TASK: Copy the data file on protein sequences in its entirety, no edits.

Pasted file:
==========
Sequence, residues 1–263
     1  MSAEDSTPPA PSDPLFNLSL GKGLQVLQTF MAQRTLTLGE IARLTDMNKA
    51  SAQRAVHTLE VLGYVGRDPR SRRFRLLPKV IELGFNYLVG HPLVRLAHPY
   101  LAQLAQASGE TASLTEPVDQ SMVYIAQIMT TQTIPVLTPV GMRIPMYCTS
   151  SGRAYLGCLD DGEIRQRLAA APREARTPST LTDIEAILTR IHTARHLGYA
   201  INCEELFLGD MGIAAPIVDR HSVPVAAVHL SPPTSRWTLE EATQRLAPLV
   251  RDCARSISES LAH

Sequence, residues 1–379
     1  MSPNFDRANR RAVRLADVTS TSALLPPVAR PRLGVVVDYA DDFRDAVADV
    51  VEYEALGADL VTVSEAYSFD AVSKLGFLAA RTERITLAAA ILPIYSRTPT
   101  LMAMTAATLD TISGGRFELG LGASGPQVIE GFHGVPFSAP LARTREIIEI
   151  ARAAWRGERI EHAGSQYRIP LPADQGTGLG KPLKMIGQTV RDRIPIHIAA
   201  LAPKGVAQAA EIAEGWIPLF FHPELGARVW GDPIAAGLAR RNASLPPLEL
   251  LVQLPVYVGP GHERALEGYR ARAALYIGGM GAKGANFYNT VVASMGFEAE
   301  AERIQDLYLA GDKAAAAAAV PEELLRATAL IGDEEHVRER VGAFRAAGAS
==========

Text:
Sequence, residues 1–263
     1  MSAEDSTPPA PSDPLFNLSL GKGLQVLQTF MAQRTLTLGE IARLTDMNKA
    51  SAQRAVHTLE VLGYVGRDPR SRRFRLLPKV IELGFNYLVG HPLVRLAHPY
   101  LAQLAQASGE TASLTEPVDQ SMVYIAQIMT TQTIPVLTPV GMRIPMYCTS
   151  SGRAYLGCLD DGEIRQRLAA APREARTPST LTDIEAILTR IHTARHLGYA
   201  INCEELFLGD MGIAAPIVDR HSVPVAAVHL SPPTSRWTLE EATQRLAPLV
   251  RDCARSISES LAH

Sequence, residues 1–379
     1  MSPNFDRANR RAVRLADVTS TSALLPPVAR PRLGVVVDYA DDFRDAVADV
    51  VEYEALGADL VTVSEAYSFD AVSKLGFLAA RTERITLAAA ILPIYSRTPT
   101  LMAMTAATLD TISGGRFELG LGASGPQVIE GFHGVPFSAP LARTREIIEI
   151  ARAAWRGERI EHAGSQYRIP LPADQGTGLG KPLKMIGQTV RDRIPIHIAA
   201  LAPKGVAQAA EIAEGWIPLF FHPELGARVW GDPIAAGLAR RNASLPPLEL
   251  LVQLPVYVGP GHERALEGYR ARAALYIGGM GAKGANFYNT VVASMGFEAE
   301  AERIQDLYLA GDKAAAAAAV PEELLRATAL IGDEEHVRER VGAFRAAGAS